Come again…What was it..? The farmer’s woes or owes!??! Or is it woes of owes! 11 more farmers have embraced death in the last 48 hours in vidarbha…reports a news paper at one insignificant corner, in a matter of fact way. Last year 1060 farmers have committed suicide and in Jan 07, 62 farmers have already preferred death to life!! The level of apathy and indifference in the media is appalling! (Well, not really! “Understandable!” would have been a better word) initially, there was furor over the issue in the media. Latter it took backburner as it became “routine”. Why should the media allot any place for such “drab, dull and outdated” piece of news when the latest news of Shilpa shetty’s wounded self-respect sells better!! After all “We give what people want” is what they would say! In fact these deaths have become sooo routine that the figure of 62 suicides is seen as “positive” development by a NGO, as it is first time in months that the death toll is less than 100 in a given month!
Note that the figures are “official”. Most of the deaths are not accepted as suicides due to “farm distress”. They are rejected as “family/personal problems” by the revenue officials who verify! So even as the reported rate of suicides decreases on paper, the fact could be otherwise with increase in the rate of such rejections, which goes unreported !!! The ever manipulative, adept at skin-saving bureaucracy, you see!!!
The declared “relief packages” never reach the needy. The wait for them would make a classic art movie!! The suicides have been consistent for almost two years now…but who in Mumbai would care with the SENSEX reaching the historic highs each day!! After all India is poised!!! (Wonder whether u can call it equilibrium!!!)
The role of nature is very minor compared that of the man-made reasons. Having to re-sow because of delayed monsoon, the crop ready to be harvested getting drowned in untimely heavy rains or having to helplessly look at the growing crop dying a slow death due to lack of rain/water is only one part of the story.
Let’s just “assume” a “good harvest” and see if things would be any better for the Indian farmer!
Ok, good harvest, what next? Obvious! Go sell and get the money!!! Well, any layman with zero knowledge of economics of demand-supply would know that it is not that simple!
The world cotton prices keep plummeting as “developed” countries like the United States keep pumping billions of dollars of subsidies each year to its 25,000 cotton producers and dump the produce in the world market. Thanks to the “open markets” in India…Now anyone can import or export it. The import duty on cotton is ten per cent. And if you’re the textile lobby you don’t pay even that. Anyone can buy, sell or trade in it. Smell the profit and the Private traders land up in droves! I let the figures speak “India’s cotton imports between 1997-98 and 2004-05 stood at over 115 lakh bales. That is over three times what was imported in the preceding 25 years!!”
Don’t we have any protection for Indian farmers from such “not in our hands” factors? Logically they should exist, at least on paper! Well, right, they do! There is something called “Minimum support price (MSP)” declared by govt., to protect Indian farmers. But you see, you can’t force the bureaucracy to do something good just by jotting a few rules on paper. They always have a back door! In this case it is the amount of cotton being picked up by State agencies at MSP!!! In 2005 there were 411 official centres to procure cotton. It was a mere 141 in 2006. Where do the poor farmers knock? Yes, private traders!! Private traders do buy generously large volumes, but often at below the minimum support price (MSP)!!!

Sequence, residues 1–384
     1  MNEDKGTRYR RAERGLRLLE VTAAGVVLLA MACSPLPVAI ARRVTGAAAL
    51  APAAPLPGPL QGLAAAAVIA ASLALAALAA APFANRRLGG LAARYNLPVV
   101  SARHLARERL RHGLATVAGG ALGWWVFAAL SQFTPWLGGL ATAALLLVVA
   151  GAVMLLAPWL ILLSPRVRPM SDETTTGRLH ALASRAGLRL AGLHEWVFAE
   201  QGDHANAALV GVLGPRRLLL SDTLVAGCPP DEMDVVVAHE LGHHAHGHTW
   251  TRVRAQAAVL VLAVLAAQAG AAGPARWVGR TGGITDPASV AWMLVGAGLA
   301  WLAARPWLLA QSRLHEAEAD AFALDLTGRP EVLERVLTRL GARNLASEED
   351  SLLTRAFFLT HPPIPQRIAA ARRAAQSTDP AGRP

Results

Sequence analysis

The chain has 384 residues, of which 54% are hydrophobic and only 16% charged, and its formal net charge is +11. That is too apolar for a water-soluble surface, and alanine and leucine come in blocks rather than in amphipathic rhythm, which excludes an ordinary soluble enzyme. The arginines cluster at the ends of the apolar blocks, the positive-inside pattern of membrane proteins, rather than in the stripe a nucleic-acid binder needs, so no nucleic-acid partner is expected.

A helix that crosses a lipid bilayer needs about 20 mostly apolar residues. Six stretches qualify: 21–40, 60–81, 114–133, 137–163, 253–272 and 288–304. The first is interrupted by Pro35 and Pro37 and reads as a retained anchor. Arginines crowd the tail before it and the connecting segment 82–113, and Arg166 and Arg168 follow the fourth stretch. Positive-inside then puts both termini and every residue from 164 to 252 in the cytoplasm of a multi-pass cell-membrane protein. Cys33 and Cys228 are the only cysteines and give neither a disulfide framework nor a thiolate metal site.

This, given that deciding the MSP itself is a big humbug and the support price is definitely less than the input costs for the farmer! Add to that the fact that the State withdrew the “advance bonus” of Rs.500 a quintal, which brought down what the farmer received!!
That is not ALL though… read on!
Costs of production were up 25 per cent last year because of rising input prices. Bt cotton was a disaster. Also, the crop was hit by diseases. As Bt bombed for many, they used pesticides for that too. In a country where cotton is anyway the highest user of pesticides, this further upped the farmer’s costs.
Think it can’t get any worse..? Well, no, we still have petty problems like – There is no water in the bore well or no power supply even if there is water!
PS: I remember seeing a photo in a local daily with tomatoes dumped all over..as far as u can see the entire place was shades of red and yellow…at a market ground in Andhra! There was record harvest of tomatoes that year and the prices plummeted to 25 paisa per basket. Then there was a rumor that tomatoes were being bought at 2Rs per basket and all the farmers flooded the market with produce. Which means they loaded all the bullock carts and came to the “city market” from their villages, only to find that the actual price is 25 paisa!!!? They have no means to store the perishable goods, so in protest they dumped everything and preferred to go back empty handed!!!
This is at the same time when there were starvation deaths reported from some parts of central India and the dry north Andhra as well!!
If the possible solutions are not discussed this would only amount to “fretting” over the issue. So let’s brainstorm! Do leave a comment on what you think is the practical way of handling this…